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The Wrong Jesus

by Tim O'Hearn

It is already election campaign season in American presidential politics. And already we have heard people worshiping at the feet of Political Jesus. This is a Jesus whose whole aim in life, at least according to the politicians, is to agree with one political party or another. This Jesus is good for raising campaign funds, and for building up or tearing down opponents. Never mind that half the sayings attributed to Political Jesus are things he didn’t say; after all, that is true of those who worship at his feet, as well. Never mind that the real Jesus would cringe at a lot of what is done in his name. Political Jesus is always good for a photo op. Work the soup kitchen line for the photographers (and vote to withdraw funding from “faith-based” shelters). Speak in support of biblical marriage (and go home to your mistress or sugar-daddy). Political Jesus is there when you need him, and conveniently disappears when the election is over.

We may not like the sound of Political Jesus, but there are a number of other Jesuses that we may like better. And some of them are not much more like God’s Son than Political Jesus.

Philosopher Jesus is a good man. More than that, he taught people some very good things about how to live with others. “Do unto others as you would have them doThe words of Jesus are important; his death and resurrection are more important. unto you.” (Matt 7:12 paraphrased) “It is more blessed to give than to receive.” (Acts 20:35) And so many more sayings. This is the idea that Jesus was a great teacher, but nothing more. He may or may not have been the Son of God. He was probably just another man. Of course, one wonders how he can be such a great teacher when he also said he was the Son of God. If he lied about that, how can you trust his other words.

The other problem with Philosopher Jesus is that one can take him or leave him. If he is to be judged merely by what he said, then he is no different than Kung-fu-tzu (Confucius) or Friederich Nietzsche. The Muslims could be right, then, in saying he was just another prophet of God. But that goes against everything that the scriptures say about Jesus’ mission on earth. “For God sent not his Son into the world to condemn the world; but that the world through him might be saved.” (Jn 3:17) Jesus himself taught what his real purpose was. “And he began to teach them, that the Son of man must suffer many things, and be rejected of the elders, and of the chief priests, and scribes, and be killed, and after three days rise again.” (Mk 8:31) His words are important; but his death and resurrection are more important.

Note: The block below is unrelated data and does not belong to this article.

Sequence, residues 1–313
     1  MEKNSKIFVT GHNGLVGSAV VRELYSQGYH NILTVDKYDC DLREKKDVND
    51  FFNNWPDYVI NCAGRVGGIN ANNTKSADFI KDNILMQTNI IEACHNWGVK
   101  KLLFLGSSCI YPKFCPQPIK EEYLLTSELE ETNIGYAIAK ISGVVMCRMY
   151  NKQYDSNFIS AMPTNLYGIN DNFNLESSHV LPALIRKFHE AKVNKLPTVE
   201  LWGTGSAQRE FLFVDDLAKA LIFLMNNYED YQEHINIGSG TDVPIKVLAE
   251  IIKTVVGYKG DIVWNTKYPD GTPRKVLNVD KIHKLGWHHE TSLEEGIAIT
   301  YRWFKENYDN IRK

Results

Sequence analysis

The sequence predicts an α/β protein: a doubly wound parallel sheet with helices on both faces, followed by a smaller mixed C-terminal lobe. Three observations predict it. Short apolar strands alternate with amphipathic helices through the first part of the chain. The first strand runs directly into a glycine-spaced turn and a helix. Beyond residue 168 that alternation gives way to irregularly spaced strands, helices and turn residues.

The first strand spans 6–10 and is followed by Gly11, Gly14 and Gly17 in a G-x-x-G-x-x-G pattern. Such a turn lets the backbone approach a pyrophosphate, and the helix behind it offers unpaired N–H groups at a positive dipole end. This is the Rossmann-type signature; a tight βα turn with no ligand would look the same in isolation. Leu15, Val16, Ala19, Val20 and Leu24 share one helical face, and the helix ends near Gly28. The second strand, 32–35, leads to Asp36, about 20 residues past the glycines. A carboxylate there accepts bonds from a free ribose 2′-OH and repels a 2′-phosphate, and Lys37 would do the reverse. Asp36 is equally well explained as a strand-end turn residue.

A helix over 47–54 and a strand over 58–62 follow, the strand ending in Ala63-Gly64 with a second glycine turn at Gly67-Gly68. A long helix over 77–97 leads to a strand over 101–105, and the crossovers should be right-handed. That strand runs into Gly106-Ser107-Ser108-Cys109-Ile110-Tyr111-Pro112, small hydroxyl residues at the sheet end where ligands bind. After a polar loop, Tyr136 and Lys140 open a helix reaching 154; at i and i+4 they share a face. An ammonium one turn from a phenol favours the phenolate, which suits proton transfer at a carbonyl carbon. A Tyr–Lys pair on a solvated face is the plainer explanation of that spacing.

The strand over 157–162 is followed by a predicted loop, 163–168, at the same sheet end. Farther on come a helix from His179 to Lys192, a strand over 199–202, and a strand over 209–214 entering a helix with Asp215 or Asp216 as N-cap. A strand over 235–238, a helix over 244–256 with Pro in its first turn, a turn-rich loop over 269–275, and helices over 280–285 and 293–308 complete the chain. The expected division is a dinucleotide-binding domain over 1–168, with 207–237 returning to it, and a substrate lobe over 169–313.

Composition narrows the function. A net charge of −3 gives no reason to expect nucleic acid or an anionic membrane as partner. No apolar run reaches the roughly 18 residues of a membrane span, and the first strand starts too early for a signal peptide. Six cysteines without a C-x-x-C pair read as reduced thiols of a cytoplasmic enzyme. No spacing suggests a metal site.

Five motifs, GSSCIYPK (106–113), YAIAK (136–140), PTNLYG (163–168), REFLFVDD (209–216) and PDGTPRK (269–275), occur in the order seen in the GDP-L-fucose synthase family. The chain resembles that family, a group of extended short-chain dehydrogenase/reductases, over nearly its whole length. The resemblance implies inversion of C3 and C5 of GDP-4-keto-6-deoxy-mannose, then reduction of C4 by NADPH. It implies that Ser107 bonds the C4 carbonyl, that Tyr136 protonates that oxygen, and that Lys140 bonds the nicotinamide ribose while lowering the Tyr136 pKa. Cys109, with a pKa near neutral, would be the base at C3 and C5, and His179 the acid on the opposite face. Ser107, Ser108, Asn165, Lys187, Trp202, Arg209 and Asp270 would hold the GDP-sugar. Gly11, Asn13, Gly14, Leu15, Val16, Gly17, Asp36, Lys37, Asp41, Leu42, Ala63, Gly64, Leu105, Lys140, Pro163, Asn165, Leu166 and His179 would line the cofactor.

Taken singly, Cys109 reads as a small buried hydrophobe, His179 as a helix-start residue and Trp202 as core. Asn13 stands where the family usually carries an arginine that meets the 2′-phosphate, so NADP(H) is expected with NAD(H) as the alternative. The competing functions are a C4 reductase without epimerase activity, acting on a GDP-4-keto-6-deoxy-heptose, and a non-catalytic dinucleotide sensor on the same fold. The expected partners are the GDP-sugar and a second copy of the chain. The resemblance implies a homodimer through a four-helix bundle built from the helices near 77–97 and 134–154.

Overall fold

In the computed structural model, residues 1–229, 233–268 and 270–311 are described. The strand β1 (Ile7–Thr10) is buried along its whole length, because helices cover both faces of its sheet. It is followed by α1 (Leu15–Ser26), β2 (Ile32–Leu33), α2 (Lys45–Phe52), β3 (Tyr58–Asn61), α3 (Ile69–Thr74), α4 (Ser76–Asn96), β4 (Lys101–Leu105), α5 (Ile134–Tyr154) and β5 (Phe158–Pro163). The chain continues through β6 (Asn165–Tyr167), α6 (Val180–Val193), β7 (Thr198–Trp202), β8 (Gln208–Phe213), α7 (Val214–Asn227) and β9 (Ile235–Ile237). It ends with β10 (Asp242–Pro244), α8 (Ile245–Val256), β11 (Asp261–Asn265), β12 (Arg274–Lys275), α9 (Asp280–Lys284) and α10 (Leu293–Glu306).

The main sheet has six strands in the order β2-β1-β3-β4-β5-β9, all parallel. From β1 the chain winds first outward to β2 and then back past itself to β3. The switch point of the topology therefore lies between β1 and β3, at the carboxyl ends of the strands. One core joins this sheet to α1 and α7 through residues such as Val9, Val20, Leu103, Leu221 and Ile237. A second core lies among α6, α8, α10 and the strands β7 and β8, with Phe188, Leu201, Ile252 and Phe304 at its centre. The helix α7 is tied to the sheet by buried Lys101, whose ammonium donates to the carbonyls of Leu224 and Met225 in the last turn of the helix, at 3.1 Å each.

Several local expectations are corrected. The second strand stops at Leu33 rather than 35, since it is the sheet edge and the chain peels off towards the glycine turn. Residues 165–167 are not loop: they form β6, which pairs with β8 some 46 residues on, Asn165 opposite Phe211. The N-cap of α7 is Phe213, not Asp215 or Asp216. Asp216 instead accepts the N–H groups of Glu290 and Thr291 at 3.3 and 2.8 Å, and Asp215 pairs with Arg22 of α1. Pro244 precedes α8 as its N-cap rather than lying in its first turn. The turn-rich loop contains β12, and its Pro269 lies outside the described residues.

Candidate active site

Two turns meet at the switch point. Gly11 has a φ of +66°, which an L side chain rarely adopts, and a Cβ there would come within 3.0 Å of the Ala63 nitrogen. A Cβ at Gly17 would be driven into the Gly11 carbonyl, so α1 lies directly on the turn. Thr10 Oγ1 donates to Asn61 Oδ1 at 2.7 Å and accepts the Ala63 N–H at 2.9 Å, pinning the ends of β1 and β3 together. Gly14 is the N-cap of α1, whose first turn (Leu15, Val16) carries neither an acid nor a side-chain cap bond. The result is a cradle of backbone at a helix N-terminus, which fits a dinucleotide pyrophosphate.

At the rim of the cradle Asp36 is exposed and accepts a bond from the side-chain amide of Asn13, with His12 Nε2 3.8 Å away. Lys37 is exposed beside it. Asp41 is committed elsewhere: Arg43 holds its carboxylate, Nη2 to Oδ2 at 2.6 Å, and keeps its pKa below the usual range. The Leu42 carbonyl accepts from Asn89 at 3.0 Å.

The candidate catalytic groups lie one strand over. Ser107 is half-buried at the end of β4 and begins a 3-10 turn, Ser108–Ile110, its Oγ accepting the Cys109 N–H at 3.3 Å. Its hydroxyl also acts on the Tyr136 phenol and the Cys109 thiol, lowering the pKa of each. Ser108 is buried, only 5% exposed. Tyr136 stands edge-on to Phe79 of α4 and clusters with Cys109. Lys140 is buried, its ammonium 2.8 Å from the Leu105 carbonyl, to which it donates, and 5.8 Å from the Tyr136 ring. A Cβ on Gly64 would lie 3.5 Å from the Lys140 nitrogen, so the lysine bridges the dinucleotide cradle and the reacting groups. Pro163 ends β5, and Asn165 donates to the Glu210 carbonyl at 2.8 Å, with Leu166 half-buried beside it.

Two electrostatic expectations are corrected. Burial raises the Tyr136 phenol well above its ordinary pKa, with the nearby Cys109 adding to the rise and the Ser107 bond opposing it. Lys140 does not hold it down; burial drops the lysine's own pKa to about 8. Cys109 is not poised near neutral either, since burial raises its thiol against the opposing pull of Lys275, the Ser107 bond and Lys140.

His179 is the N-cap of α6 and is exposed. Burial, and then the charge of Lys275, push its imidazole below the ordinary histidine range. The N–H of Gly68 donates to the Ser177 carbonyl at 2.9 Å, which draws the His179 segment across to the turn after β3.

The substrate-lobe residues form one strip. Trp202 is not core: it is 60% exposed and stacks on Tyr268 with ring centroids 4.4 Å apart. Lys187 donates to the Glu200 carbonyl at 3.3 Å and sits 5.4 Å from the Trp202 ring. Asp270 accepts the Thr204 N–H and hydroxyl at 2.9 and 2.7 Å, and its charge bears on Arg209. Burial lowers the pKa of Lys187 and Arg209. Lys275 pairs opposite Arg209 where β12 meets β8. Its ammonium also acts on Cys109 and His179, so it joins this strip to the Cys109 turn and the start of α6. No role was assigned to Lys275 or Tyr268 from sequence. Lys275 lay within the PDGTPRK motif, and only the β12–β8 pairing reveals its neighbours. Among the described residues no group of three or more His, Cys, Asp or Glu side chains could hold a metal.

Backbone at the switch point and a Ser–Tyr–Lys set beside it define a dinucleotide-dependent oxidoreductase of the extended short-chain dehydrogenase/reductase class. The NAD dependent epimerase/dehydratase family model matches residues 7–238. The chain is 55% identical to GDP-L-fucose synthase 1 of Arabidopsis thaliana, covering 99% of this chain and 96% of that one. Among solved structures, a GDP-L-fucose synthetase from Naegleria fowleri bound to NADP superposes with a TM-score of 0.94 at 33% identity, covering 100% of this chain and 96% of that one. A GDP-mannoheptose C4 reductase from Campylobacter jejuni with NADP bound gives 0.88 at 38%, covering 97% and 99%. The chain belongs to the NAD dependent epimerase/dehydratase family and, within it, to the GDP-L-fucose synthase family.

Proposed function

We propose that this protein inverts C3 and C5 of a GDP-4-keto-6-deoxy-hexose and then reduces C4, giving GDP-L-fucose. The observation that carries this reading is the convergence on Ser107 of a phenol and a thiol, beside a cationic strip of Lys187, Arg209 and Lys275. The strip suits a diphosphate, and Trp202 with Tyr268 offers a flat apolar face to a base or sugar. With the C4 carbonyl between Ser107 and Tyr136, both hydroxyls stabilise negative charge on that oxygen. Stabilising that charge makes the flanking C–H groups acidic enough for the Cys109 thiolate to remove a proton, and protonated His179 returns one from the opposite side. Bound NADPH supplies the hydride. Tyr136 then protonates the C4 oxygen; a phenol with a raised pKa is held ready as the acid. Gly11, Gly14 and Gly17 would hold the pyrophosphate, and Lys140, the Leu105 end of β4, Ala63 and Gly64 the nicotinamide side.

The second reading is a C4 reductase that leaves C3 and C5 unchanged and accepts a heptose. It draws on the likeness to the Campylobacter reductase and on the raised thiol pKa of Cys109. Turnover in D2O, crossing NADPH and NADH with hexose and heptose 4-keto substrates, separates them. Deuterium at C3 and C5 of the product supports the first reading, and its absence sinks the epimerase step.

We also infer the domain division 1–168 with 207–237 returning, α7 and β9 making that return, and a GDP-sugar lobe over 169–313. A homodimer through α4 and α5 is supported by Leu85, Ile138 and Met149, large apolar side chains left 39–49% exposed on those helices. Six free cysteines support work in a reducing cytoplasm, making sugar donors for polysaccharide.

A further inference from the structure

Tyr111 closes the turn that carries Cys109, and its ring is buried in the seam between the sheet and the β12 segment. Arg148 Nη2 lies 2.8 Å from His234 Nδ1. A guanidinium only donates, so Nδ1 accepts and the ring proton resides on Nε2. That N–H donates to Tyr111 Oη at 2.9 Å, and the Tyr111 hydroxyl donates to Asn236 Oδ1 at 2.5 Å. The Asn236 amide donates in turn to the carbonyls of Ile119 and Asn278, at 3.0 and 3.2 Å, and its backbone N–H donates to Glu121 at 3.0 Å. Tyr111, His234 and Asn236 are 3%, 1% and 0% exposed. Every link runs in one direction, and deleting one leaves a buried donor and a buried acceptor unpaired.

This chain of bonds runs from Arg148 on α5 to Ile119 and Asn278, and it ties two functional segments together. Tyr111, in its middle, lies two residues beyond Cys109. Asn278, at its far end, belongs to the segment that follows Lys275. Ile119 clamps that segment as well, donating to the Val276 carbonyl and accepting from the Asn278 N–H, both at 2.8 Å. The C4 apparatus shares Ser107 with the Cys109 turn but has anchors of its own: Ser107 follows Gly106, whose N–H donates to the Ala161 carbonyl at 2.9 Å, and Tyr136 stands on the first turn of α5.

Hippie Jesus is all about love and independence. Back in the 1960s sandals were sometimes known as “Jesus boots.” When people objected to the hairstyles of the day, the response was often, “Well, Jesus had long hair.” The message was love, peace, and a form of religious universalism (not to mention “sex, drugs, and rock and roll). Actually, the message of love and peace is a good one. The problem comes with the conclusion some drew from that message. That conclusion was often phrased, “If God is a loving God, how could he condemn anybody to an eternity in hell?” This was not a new doctrine, because a form of it has long existed in the doctrine of purgatory. The result of following this Jesus was predictably that sin is unimportant. If eternity is eternal, and if God will eventually forgive everyone of all their sins, then it doesn’t matter how much you sin since you will still spend most of eternity with God.

On the other side of the coin you have those that believe to save everyone would not be love at all. How can a God establish boundaries and then tell those who try to stay within them that their effort was meaningless? Those who ask this question (like those who believe in purgatory) tend toward a salvation by one’s own merit or works. The proper question is probably closer to, “If God sent his Son as the only possible sacrifice for sin, how can his love forgive those who intentionally flaunt that sacrifice?” The author of the book to the Hebrews gives this answer:

Of how much sorer punishment, suppose ye, shall he be thought worthy, who hath trodden under foot the Son of God, and hath counted the blood of the covenant, wherewith he was sanctified, an unholy thing, and hath done despite unto the Spirit of grace? (Heb 10:29)

Entertainment Jesus is very popular today. One air conditioning specialist commented that the design for one church was the first time he had to worry about venting for indoor pyrotechnics. While most churches don’t go that far, many worship at the altar of Entertainment Jesus. Worship has everything about what the worshiper will get out of it, and nothing, or almost nothing, to do with others or with God. This is the Jesus of flash and dash. Go in, watch a concert, hear a short sermon, and head home. Even if that is an exaggeration, many churches pride themselves on their “worship teams,” light shows, and how many jokes the preacher can get into a sermon. Even among the churches of Christ, who have prided themselves on congregational singing, some churches have gone over into the band or worship team mode. (Those that still object to instrumental music in the assembly have gone to semi-professional choruses or quartets.) Even in those churches where a quartet on stage is intended to help the congregants sing, fewer people are actually participating; many simply listen to the praise team. Some churches used to pride themselves that their young people went into school bands or choruses already knowing how to read music. Now they are lucky if their kids even sing.